Campagnolo’s brakes offer plenty of power but they have a progressive feel that may not satisfy riders accustomed to more immediate braking. I find braking is less tiring on long descents with Campag’s brakes because a light touch scrubs plenty of speed without any risk of locking up the wheels. And for those that have always wondered, the calipers do not have a quick release lever like Shimano and SRAM. Instead there is a button at the top of each brake lever that provides a release for the calipers.
I can see two downsides to owning this groupset: first, there will be the expense of maintaining a Super Record groupset (a new cassette retails for more than $300); and second, in the event of a crash and damage to the groupset, there’s no hope of obtaining a matching part (equivalent, yes, but lacking the special badging).
Final thoughts and summary
As mentioned above, Campagnolo recently announced an overhaul of its Super Record, Record and Chorus mechanical groupsets for 2015. The derailleurs and cranks have been re-designed with inspiration from Shimano while the refinements introduced with Super Record RS will be incorporated into all three groupsets. As a consequence, Super Record RS has essentially been superseded, though 2015 groupsets will only be available later in the year (at the earliest).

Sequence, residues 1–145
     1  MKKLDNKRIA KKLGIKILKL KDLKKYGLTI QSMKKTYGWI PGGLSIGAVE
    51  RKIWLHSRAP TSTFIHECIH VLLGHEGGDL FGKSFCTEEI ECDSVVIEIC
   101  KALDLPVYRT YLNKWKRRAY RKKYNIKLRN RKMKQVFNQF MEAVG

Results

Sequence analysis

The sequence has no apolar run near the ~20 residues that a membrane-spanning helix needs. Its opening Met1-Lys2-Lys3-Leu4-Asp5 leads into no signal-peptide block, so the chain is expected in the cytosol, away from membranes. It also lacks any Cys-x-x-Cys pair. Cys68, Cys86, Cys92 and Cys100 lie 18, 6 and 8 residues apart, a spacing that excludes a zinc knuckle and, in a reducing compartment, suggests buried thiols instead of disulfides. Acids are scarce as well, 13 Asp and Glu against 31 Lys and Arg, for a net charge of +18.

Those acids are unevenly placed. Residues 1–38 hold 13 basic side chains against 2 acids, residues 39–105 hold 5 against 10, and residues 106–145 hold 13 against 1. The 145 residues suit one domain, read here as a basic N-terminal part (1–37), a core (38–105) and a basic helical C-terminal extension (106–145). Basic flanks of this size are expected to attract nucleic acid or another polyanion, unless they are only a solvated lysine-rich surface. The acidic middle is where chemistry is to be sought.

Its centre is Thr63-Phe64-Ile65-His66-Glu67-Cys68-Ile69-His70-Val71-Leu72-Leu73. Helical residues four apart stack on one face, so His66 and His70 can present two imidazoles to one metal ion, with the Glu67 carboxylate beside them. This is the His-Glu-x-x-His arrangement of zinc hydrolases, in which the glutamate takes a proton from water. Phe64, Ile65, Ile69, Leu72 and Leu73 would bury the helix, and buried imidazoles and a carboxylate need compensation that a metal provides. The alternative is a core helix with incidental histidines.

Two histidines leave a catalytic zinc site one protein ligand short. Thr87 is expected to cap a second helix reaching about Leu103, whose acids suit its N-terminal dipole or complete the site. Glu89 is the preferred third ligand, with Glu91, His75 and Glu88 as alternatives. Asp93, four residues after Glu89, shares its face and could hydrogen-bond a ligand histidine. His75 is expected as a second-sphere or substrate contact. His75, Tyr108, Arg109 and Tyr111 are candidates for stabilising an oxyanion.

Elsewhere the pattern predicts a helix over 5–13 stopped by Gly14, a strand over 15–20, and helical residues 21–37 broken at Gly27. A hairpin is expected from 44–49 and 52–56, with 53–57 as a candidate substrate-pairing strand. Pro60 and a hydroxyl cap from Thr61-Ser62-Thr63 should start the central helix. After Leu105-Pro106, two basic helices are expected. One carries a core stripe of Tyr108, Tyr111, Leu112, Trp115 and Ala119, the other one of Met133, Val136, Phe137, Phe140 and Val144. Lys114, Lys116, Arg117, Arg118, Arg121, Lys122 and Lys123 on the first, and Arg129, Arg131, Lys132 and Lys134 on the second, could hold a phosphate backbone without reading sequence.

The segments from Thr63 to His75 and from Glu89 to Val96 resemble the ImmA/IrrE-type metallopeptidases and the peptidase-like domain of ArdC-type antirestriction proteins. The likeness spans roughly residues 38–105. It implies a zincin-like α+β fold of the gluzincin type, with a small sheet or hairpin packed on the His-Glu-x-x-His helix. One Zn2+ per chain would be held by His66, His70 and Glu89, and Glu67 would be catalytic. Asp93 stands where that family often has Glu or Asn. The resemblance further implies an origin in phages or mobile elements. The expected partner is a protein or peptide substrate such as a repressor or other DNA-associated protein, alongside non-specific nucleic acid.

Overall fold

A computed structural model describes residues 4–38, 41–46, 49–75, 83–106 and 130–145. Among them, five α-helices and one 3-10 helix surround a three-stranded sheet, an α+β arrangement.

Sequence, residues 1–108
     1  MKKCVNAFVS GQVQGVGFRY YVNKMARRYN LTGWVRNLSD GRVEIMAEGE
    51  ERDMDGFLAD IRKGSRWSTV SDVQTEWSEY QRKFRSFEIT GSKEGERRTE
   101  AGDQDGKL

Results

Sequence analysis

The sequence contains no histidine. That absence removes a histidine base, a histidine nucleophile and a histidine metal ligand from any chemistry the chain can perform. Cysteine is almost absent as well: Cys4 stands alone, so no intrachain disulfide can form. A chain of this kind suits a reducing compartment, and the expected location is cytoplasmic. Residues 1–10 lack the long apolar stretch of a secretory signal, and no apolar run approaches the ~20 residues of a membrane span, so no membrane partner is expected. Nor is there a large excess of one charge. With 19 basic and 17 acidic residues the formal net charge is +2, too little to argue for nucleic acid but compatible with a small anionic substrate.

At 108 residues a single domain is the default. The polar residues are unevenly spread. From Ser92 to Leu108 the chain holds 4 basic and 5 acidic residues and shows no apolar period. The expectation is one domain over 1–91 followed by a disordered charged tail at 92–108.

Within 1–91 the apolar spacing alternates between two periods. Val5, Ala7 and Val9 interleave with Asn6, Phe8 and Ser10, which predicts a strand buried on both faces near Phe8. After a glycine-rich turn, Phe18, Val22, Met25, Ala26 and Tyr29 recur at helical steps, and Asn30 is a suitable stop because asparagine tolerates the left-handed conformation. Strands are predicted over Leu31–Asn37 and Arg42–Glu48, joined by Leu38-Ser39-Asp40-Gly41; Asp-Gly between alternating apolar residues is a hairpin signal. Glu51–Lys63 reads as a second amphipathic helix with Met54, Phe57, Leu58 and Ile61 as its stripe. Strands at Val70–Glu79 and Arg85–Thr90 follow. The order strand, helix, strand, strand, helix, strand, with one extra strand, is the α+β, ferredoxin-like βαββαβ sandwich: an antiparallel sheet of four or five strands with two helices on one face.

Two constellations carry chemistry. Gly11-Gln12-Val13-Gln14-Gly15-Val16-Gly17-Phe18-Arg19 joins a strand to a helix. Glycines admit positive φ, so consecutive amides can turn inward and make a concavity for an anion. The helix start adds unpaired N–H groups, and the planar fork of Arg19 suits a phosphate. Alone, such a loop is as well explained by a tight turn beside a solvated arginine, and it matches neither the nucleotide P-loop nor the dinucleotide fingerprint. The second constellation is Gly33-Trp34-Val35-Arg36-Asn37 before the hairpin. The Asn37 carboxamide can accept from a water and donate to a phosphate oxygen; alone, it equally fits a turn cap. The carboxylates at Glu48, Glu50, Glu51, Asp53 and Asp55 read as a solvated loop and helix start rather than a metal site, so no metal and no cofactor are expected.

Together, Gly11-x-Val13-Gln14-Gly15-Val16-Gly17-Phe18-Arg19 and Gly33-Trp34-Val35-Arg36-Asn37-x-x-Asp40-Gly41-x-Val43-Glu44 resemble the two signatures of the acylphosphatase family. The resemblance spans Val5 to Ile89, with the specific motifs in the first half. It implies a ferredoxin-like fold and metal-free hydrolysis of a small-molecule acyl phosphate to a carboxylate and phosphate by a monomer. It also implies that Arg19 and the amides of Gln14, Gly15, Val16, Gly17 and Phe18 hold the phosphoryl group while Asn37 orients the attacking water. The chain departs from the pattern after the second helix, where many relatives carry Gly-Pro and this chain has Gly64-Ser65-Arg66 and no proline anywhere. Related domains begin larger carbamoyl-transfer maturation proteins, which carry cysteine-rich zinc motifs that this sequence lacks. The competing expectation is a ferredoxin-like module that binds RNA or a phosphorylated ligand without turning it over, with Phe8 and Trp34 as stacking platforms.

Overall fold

Cynics will dismiss the RS edition as a last ditch effort to run out old stock, but I think there is value in its unique styling. Moreover, Super Record RS is Campagnolo’s best performing mechanical groupset right now. Some will buy this groupset and keep it boxed with the hope of a healthy return in the years to come, and I expect they’ll be satisfied. But for those that choose to make use of it, I doubt there will be any disappointment or regret, just satisfaction and perhaps a measure of pride associated with owning a limited edition groupset.